- F3 is 3 generations away – one great grandparent is an African serval
- F4 is 4 generations away – one great, great grandparent is an African serval
- F5 is 5 generations away, etc.
This is the only thing the F# means.
Note: F1-F4 males are usually considered to be sterile and will not produce kittens if bred, however, the occasional F4 male will produce kittens and some F5 males are sterile as well.
Also Note: any cat male or female should still be spayed or neutered at an early age to prevent the territorial marking that unfixed cats will do.
More about F1 savannahs – The F1 is the largest generation, and most resembles a serval. A F1 will grow to be anywhere from 15-25+lbs. They are rare, expensive and more challenging to own due to their size & energy levels and nutritional requirements. Not to mention the fact that breeders have to own, house, feed & care for a serval (which is a wild animal) and then breed it to their prized savannah cat, hoping it will infact want to breed with it at all. There are additional problems with gestation period differences between a serval (approx. 74 days) and a domestic cat (approx. 64 days) which at times results in the babies being born prematurely.
Word of caution; there are many individuals out there claiming to have F1’s for sale at incredibly low prices. They are a scam. An F1 costs around $12,000-$20,000. Take the time to read the scam section below if you are considering buy one, it will save you alot of heartache.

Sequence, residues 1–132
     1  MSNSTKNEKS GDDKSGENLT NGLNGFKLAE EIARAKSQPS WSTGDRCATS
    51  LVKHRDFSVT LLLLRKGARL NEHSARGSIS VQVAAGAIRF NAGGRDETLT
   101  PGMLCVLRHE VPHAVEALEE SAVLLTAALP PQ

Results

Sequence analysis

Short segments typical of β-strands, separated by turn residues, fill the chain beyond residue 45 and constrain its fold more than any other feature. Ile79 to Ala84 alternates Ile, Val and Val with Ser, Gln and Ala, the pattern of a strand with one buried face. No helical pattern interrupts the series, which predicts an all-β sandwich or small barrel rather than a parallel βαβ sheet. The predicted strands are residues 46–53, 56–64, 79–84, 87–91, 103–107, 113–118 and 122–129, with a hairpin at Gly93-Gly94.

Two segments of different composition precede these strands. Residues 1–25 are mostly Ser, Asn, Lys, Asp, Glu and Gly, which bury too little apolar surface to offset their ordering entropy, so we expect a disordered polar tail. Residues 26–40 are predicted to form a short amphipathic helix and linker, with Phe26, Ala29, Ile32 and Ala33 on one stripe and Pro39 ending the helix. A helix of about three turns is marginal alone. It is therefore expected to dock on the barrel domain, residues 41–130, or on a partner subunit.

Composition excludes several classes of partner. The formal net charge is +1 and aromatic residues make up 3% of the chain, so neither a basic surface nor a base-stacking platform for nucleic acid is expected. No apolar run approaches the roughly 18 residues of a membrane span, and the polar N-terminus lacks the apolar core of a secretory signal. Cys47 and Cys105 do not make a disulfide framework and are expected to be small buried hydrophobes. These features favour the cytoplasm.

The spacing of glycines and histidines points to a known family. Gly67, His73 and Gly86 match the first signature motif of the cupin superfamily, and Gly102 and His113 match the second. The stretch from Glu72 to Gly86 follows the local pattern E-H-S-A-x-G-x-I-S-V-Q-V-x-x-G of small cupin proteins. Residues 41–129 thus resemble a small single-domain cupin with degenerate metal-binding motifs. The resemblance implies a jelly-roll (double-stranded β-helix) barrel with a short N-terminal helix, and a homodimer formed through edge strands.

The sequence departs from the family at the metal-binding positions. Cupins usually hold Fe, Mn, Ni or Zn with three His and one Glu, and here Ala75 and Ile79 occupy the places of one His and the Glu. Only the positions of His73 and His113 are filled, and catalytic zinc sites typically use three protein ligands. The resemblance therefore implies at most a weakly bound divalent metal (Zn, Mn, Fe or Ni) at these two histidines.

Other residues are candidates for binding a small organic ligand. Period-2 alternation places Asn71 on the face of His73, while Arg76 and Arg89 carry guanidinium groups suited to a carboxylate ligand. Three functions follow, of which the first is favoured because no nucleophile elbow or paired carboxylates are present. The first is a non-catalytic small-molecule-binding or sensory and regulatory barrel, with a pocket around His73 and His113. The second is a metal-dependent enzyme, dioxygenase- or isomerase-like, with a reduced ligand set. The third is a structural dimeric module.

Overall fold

Is it legal to own a Savannah cat?
Yes ! All generations of Savannah cats are allowed in California.
However, there are laws in the USA in many areas which limit or prohibit the ownership of wild animals including African Servals and hybrid animals such as Savannahs. This is something to consider if you plan on moving out of state someday.
African Serval ownership is prohibited in California, so there are no F1 Savannah kittens for sale in California (unless they were imported).
or here at:
Are they “wild animals”, will they destroy my house?
No, they are not “wild” animals, they are pretty much just animals – act accordingly. But yes, you do need to “kitten proof” your home just as you would puppy proof it or child proof it.
I have found that the Savannahs are very easy train because they have a longer attention span and a high intelligence than your average cat. They are respond to consistent verbal cues. Keep in mind, they are very active pets and do like to get into things. They love climbing things and everything is a toy to them.
Training any kitten takes diligence in catching them before the act and then redirecting them. Redirecting their energy is the key, this should start from day 1 of their arrival, watch them closely & redirect the behavior to something positive.
It’s not hard to redirect their energy, a favorite toy usually works. When redirecting them, unless necessary, do not touch them, pet them or hit them as it will be viewed by them as a reward and that’s all they really want, instead redirect their attention with a toy, give them something to do that’s fun for both of you. Though it may work for most cats, squirting them with a squirt gun does not work & really is great fun for them.
How do I “kitten proof” my home?
Kitten proofing your home should include:
- Remove fine china & the priceless breakables from the open shelves, they will find them, they will conqueror them, “No shelf too high” is their motto
- They easily master opening cupboard doors and regular doors for that matter.
- Remove excess wires like power chords, speaker wires as they could bite them or tangle up in them. Tie up the mini blind cords too . Consider putting biteable power cords in pvc piping or put some bitterbreak paste on them so the cords taste bad (hot sauce doesn’t work, they just lick it) Kittens seem to outgrow the bitey stage quickly.
- Remove houseplants that are poisonous to cats.
- Here’s a list of poisonous plants from the aspca